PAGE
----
Fall 2014, Vol. 26, No. 1

Media Ethics is independent and inclusive. It is editorially eclectic and neither its sponsors, its editor, or its staff are responsible for its content.  It strives to present and examine ideas, provide a forum for opinion and research articles on media ethics, as well as a venue for announcements and reviews of meetings, opportunities, and publications.  Media Ethics welcomes any and all contributions. All submitted manuscripts are subject to editing at the discretion of the editor.

 

Photographs and other illustrations often are digitally altered. Unless otherwise specified, authors and photographers retain all rights to their work, subject only to print and electronic publication by Media Ethics itself.

Table of Contents - Fall 2014

SOME ASPECTS OF THE NEWLY REVISED SPJ MEDIA ETHICS CODE

Any code of ethics can be the heart and soul of a profession, an organization, or a firm, and has many functions. The same code may act as hard-and-fast rules, prohibitions, and instructions, as well as general guidelines for practice, interpreted by each practitioner.  It may serve as comforter, encourager, mentor and disciplinarian. It may be used for training and education, public relations, and thinking through goals, purposes and aspirations. Unfortunately, although it can serve to make the public familiar with our standards, it also can be misunderstood or otherwise used as ammunition by those opposed to the principles journalists have adopted as a way of life and career. Nevertheless, it can be a lasting repository of common sense. Although it may stimulate controversy as well as agreement, and other organizations may promulgate their own codes, there should be no doubt that the current most important example of such a code in the field of media ethics is the recent revision of the Society of Professional Journalists Code of Ethics, and much of this issue of Media Ethics is devoted to examination of that revision from numerous viewpoints, including:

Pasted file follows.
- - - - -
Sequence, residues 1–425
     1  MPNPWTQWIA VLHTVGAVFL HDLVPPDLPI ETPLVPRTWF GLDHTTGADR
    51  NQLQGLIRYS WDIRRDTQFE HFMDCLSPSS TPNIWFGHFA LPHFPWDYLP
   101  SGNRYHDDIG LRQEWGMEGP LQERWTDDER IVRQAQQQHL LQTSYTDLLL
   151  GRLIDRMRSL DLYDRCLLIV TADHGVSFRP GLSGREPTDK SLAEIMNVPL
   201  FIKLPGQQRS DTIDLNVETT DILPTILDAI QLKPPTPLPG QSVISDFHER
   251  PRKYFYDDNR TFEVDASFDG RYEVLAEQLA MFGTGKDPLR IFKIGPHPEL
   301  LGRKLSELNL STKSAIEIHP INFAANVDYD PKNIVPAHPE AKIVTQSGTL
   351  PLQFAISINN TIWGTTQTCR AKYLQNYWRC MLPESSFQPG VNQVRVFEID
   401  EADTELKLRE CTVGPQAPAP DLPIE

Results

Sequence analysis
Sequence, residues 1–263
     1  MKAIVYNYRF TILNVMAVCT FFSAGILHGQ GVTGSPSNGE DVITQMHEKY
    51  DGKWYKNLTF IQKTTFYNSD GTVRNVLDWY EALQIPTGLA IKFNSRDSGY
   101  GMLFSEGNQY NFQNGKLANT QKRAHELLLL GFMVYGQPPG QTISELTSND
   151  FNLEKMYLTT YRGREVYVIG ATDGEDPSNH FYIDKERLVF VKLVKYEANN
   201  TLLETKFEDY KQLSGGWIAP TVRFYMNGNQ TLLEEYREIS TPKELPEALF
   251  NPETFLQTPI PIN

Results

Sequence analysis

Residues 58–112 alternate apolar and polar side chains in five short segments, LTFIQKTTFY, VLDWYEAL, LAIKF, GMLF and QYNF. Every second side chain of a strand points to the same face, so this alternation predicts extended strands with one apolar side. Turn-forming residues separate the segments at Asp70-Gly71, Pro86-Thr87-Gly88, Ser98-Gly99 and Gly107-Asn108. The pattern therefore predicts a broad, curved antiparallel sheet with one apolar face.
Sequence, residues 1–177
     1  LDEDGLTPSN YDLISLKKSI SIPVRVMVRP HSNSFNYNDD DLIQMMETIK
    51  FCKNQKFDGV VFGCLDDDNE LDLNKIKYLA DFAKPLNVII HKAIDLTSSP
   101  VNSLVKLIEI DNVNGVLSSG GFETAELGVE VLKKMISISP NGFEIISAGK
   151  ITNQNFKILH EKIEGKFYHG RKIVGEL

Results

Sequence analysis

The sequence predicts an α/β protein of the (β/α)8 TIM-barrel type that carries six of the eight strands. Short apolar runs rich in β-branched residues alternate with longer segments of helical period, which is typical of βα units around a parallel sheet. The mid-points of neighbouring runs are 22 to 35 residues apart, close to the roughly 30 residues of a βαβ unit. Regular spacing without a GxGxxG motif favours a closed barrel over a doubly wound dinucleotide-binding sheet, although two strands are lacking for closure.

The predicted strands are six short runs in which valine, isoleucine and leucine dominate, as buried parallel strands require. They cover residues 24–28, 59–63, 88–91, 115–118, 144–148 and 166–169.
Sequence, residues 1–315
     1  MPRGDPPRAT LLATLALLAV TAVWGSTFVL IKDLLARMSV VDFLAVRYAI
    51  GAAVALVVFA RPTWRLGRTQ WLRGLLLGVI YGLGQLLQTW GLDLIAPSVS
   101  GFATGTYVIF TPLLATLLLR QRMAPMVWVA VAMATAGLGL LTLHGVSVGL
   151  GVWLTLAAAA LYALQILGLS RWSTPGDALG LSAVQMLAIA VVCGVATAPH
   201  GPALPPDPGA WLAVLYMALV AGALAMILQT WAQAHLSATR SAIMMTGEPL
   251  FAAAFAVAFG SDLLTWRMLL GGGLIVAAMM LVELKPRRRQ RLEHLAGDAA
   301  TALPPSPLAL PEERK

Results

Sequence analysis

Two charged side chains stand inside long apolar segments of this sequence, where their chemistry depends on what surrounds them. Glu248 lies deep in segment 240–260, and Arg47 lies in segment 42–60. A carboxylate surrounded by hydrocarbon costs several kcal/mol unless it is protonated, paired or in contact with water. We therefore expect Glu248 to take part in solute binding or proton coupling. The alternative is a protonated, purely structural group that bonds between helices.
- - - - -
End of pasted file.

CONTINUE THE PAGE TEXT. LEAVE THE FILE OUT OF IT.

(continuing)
Journalism Codes Leave Vexing Problems Untouched

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 BY EDWARD WASSERMAN

The Problem with Transparency

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 BY PAUL S. VOAKES

Comment: How the SPJ’s New Ethics Code Was Approved

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 BY A. DAVID GORDON

Initial Reactions to the New SPJ Ethics Code

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 BY KIRSTIE E. HETTINGA

SPJ Code of Ethics

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REVISED SEPTEMBER 2014

SITUATIONS

Cases, problems, ideas and situations:

Is There “Generational Plagiarism”?

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 BY SUSAN DRUCKER AND GARY GUMPERT

To Be or Not to Be... LIVE ??

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 BY GARY GROSSMAN

What the Media Taught Me about Ethics

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 BY TOM BRISLIN

INSTRUCTION

The teaching of media ethics:

Three Teaching Ideas to Jumpstart Ethical Discussions

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 BY AMY M. DAMICO AND SARA E. QUAY

 
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